Washington, DC – U.S. Senator Kirsten Gillibrand today released the following statement regarding this week’s ruling from the U.S. Court of Appeals for the Federal Circuit overturning a sixteen year old VA policy that denied benefits to thousands of Navy veterans exposed to Agent Orange during the Vietnam War:
“It is long overdue for the federal government to recognize the sacrifices of our Blue Water Navy veterans and meet its sacred obligation to these veterans. The VA must honor this ruling immediately and I will continue to push for a permanent bipartisan legislative solution to fulfill our commitment to Blue Water vets.”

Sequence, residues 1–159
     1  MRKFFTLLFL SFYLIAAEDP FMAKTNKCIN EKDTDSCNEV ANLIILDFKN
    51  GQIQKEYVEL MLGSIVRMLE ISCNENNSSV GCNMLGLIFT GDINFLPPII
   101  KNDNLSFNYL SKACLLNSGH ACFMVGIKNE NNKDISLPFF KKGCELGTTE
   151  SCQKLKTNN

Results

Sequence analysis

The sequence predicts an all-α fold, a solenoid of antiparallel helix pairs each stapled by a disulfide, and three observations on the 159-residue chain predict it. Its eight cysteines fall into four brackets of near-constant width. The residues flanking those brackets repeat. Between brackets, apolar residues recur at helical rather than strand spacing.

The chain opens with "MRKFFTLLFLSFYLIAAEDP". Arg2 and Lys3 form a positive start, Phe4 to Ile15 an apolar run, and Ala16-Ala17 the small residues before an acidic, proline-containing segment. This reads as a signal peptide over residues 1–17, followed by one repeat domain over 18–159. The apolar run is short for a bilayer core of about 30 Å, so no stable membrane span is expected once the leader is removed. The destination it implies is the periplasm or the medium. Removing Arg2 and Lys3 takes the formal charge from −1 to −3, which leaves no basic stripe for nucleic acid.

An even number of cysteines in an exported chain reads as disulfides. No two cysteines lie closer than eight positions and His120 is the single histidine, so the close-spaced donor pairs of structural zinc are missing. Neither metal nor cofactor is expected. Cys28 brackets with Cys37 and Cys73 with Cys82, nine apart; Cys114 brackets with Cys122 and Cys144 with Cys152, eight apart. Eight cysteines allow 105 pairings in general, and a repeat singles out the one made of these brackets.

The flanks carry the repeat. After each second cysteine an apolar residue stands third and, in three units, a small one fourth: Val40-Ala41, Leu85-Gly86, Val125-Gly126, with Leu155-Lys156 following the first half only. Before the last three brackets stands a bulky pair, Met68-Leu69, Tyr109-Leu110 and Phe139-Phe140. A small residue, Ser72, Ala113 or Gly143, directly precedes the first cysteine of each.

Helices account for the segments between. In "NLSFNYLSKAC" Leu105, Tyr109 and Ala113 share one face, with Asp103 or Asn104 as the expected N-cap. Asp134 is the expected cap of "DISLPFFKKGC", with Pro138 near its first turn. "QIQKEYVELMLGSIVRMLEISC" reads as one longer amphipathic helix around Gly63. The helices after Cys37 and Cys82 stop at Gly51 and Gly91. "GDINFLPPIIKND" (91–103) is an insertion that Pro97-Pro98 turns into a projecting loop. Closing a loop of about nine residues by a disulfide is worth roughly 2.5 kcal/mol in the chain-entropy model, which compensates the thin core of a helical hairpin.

Gillibrand has long championed the fight to ensure Blue Water veterans get the health and disability benefits they earned. She led the Senate version of the Blue Water Navy Vietnam Veteran’s Act, which she first introduced in 2009. Last Congress, Gillibrand’s bill was also sponsored by U.S. Senator Steve Daines (R-MT) and had the support of 51 additional Senators. Gillibrand’s Blue Water Navy Vietnam Veterans Act passed the House by a vote of 382-0 last year in June, and in August 2018, Gillibrand testified before the Senate Committee on Veterans Affairs to urge her colleagues to also pass the bill. During the Vietnam War, the U.S. military sprayed approximately 20 million gallons of Agent Orange in Vietnam to remove jungle foliage. This toxic chemical had devastating health effects on millions serving in Vietnam. In 1991, Congress passed a law requiring the Department of Veterans Affairs (VA) to provide presumptive coverage to all Vietnam veterans with illnesses that the Institute of Medicine has directly linked to Agent Orange exposure, including those who were stationed on ships off the Vietnamese coast, also known as Blue Water Navy veterans. However, in 2002, the VA decided that it would only cover Veterans who could prove that they had orders for “boots on the ground” during the Vietnam War. This exclusion prevented thousands of sailors from receiving benefits even though they had significant Agent Orange exposure from drinking and bathing in contaminated water just offshore.